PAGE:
Scots council hires expert after tree identification blunder

Picture: PA
Picture: PA
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The incorrect identification of 14 dying fir trees as “cedars” has forced council bosses into hiring an independent tree specialist.

Lebanon Cedars, native to the Mediterranean, are widely planted in Britain as ornamental trees in parks and gardens, but are relatively rare in Scotland, especially compared to the common fir, which they faintly resemble.

Laden with historical and cultural significance - Hebrew priests were ordered by Moses to use their bark to treat leprosy and the prophet Isaiah used them as a metaphor for the pride of the world - the cedar is often made subject of Tree Preservation Orders (TPOs).

Argyll and Bute Council tried in December last year to slap TPOs onto 14 trees on land at Kinlochlaich, Appin, which its planning staff had identified as cedars.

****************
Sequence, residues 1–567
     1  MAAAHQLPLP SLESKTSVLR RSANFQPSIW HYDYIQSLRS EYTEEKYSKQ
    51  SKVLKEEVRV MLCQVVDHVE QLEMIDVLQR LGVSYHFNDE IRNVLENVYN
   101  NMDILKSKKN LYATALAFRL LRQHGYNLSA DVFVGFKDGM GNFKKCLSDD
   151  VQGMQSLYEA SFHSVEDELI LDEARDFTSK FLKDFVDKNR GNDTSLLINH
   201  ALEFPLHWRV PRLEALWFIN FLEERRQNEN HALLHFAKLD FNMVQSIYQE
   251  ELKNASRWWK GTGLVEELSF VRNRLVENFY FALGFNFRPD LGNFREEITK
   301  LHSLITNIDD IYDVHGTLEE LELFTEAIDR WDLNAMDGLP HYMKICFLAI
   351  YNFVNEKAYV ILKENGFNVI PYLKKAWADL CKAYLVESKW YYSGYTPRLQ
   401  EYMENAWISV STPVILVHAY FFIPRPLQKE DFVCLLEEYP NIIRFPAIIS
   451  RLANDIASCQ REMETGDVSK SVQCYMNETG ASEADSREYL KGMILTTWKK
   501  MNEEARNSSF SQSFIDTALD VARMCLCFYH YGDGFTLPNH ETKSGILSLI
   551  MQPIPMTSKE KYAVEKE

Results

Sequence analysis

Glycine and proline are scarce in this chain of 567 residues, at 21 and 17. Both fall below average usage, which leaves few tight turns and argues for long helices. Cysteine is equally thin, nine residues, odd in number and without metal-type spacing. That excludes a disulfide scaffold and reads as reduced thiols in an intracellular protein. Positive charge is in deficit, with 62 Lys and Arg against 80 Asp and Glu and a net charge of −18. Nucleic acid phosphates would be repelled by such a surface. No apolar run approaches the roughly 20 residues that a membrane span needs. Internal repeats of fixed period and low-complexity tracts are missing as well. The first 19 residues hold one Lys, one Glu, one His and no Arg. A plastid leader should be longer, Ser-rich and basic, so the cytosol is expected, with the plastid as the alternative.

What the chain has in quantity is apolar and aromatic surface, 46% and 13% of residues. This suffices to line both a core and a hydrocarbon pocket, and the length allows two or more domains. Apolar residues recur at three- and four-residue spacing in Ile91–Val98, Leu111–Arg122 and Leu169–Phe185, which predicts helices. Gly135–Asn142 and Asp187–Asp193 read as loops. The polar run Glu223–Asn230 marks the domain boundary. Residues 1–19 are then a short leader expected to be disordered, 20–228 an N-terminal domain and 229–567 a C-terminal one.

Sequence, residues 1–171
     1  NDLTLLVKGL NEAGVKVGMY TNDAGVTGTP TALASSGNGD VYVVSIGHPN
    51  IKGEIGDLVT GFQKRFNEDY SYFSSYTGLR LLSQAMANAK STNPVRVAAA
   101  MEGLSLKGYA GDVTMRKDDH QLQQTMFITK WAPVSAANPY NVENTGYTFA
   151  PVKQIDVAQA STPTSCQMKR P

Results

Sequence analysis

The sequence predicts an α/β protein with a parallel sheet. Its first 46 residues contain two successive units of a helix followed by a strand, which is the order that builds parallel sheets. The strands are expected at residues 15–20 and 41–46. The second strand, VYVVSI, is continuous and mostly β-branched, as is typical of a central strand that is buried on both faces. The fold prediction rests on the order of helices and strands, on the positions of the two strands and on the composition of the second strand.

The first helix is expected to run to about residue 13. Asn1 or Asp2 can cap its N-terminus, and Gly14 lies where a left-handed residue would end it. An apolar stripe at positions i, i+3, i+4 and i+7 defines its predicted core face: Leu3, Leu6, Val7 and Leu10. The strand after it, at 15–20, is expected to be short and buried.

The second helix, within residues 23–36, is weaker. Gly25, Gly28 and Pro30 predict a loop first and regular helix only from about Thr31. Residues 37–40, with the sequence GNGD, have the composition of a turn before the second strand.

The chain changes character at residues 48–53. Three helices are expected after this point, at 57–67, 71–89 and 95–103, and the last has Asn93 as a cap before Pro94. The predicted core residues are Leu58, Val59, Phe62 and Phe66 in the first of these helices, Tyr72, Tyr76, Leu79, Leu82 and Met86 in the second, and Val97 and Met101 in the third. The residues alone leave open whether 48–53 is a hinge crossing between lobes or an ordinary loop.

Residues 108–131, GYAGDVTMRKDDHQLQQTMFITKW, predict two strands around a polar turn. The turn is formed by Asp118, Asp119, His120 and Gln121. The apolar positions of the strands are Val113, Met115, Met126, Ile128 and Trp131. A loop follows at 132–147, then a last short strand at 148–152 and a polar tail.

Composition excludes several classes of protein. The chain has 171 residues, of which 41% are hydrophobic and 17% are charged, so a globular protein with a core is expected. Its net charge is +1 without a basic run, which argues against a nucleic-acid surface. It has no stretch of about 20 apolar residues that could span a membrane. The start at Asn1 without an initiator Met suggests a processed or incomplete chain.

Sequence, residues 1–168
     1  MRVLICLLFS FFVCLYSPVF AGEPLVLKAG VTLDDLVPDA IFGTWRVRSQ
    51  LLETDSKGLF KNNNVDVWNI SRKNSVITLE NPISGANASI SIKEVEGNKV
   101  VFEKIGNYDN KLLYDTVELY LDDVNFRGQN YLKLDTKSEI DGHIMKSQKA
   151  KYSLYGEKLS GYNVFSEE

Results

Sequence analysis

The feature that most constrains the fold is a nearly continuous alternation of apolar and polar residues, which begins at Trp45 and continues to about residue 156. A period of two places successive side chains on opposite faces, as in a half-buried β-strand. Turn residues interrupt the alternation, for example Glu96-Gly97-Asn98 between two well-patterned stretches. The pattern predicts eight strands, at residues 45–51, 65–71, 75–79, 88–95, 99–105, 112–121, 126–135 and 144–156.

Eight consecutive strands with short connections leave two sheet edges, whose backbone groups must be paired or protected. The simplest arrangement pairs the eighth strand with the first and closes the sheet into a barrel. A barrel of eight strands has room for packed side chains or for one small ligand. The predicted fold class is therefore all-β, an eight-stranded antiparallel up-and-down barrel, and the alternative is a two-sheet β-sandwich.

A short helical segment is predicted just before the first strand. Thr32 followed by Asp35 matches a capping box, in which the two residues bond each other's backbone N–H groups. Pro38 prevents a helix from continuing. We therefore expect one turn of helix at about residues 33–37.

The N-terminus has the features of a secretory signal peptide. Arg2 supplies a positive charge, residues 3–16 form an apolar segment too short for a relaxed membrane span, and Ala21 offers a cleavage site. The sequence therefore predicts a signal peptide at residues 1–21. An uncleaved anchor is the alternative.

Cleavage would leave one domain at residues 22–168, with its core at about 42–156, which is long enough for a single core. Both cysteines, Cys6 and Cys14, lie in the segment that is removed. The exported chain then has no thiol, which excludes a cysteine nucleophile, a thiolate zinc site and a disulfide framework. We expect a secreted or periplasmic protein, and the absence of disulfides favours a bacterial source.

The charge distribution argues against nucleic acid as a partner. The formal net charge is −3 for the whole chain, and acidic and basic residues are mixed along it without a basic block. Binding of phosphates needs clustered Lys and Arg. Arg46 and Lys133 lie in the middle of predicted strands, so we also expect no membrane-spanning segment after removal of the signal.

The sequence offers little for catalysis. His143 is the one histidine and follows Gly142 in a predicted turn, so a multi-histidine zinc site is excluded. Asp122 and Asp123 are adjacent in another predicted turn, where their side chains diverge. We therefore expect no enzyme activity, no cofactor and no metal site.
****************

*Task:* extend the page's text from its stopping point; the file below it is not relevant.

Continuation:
However, it so happens that the landowner, Donald Hutchison of Kinlochlaich, a chartered member of the Institute of Horticulture and who operates a garden centre, is also a tree specialist and said the trees are the more common fir and not cedars at all.

Council minutes state that Mr Hutchison wrote to the local authority on 25 January over the identification of the trees, questioning the validity of the order because the wrong trees had been identified.

He wrote again on 23 February with an initial arboriculture survey of the trees.

Ignoring that account, the local authority paid a consultant for an arboriculture survey.

The report, the local authority stated, was “by a qualified and experienced arboriculturist”.

It identified the 14 trees as being within the family “Abies”, a genus covering 56 species of fir.

The plan prepared by Argyll and Bute Council for the provisional TPO had identified the same trees as being cedars.

Circulated to councillors, the consultant’s report states: “Cedar trees can belong to several family groupings but are not, it is alleged, within the family Abies.”

The survey also examined the health and condition of each of the trees within and surrounding the site, including all of the trees within the provisional TPO.

It also states that they are “generally dead, part-dead, part-decayed and/or ­damaged”.